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At a recent Kennan Institute talk, Blair A. Ruble, Director, Kennan Institute, discussed his new book Creating Diversity Capital: Transnational Migrants in Montreal, Washington, and Kyiv. The book explores how migrants have shaped civic and political life in three cities with histories of ethnic, racial, and language divisions. According to Ruble, "migrants do not erase troubled histories, but they can provide new opportunities to get around them."
Ruble explained that Creating Diversity Capital addresses three common perceptions about migration and urban diversity: that cities are not viable; that immigrants overwhelm cities; and that migrants are objects who are acted upon, rather than agents of change. He argued that, contrary to these perceptions, migrants are very active in urban life, and they can bring new vitality to cities by increasing cities' stocks of diversity capital. Ruble defined diversity capital as the ability of an urban system to be open and accommodating to many different groups, including new immigrant groups, and argued that diversity capital is essential if cities are to be socially sustainable in the era of globalization. He emphasized that diversity capital arises from a pragmatic need for tolerant institutions and tolerant behaviors, rather than from the personal feelings of individual citizens about tolerance and openness.
Montreal, Washington, and Kyiv are three examples of cities that have recently increased their levels of diversity capital, according to Ruble. As recently as the 1970s, observers feared that Montreal and Washington could face inter-ethnic violence on the level of cities such as Belfast and Johannesburg. Since then, both cities have experienced dramatic inflows of international migrants, which, Ruble argued, has turned them into very different places—demographically, culturally, and politically. Montreal, he explained, is further along in its development of diversity capital than is Washington, where political issues are still frequently seen in terms of Blacks versus Whites. Kyiv is a somewhat different case, Ruble said, because large scale immigration into Ukraine began in the mid-1990s, and the presence of migrants is only now becoming a political issue in the city. Diversity capital is just beginning to develop in Kyiv, in complex and sometimes hidden ways.
Discussant Dominique Arel, Associate Professor of Political Science and Chair of Ukrainian Studies, University of Ottawa, praised Ruble's ambitious take on an important topic, and noted that he found the argument that building tolerance does not require tolerant people to be the key conclusion of the book. He cautioned that Kyiv may not be on the same path as Montreal or Washington. The Russian-Ukrainian language division in Kyiv, according to Arel, is not as distinct as the racial and language divisions in Washington and Montreal, and the city has a shorter history of migration. While Kyiv may increase its diversity capital and become an attractive destination for migrants, it may also follow the path of Paris and become a city where immigrants feel excluded.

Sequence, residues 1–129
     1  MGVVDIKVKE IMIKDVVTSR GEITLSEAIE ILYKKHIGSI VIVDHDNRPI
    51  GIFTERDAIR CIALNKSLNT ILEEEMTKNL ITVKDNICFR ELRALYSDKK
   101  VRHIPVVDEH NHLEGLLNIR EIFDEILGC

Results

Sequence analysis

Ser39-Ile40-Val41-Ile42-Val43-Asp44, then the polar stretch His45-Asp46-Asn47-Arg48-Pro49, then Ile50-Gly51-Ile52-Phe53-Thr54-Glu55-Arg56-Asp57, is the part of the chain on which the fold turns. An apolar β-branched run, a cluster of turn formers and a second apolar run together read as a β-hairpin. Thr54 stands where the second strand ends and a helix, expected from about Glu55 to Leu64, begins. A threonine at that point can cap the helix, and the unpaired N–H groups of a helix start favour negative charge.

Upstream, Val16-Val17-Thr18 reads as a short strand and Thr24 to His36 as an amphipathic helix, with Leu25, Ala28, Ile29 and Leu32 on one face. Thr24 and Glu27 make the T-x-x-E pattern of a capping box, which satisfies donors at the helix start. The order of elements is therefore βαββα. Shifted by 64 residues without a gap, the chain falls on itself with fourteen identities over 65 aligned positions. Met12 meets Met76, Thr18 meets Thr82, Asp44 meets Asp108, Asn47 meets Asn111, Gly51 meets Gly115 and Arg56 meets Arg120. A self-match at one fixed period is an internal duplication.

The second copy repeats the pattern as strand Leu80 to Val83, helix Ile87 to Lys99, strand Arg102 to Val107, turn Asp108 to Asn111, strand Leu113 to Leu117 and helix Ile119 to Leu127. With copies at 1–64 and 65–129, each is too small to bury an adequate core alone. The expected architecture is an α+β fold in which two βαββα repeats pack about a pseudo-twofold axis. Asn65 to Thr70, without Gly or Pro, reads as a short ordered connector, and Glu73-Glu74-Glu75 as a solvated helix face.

Audrey Singer, Immigration Fellow, Metropolitan Policy Program, Brookings Institution, commented on some additional factors influencing the development of diversity capital. She noted that suburbanization has important consequences for the development of urban diversity. National policy also affects how immigrants are incorporated into different urban systems. She argued that Canada's long history of multi-cultural policy (originally developed to accommodate French, English, and native groups) facilitated openness to immigrants in Montreal, while the lack of coherent national policy on migration in the U.S. has made local-level policy in Washington and its suburbs particularly important. Singer concluded with a discussion of some of the obstacles to the creation of diversity capital, including language barriers, limited social mobility for immigrants, limited government resources, and anti-immigration sentiment among the general population.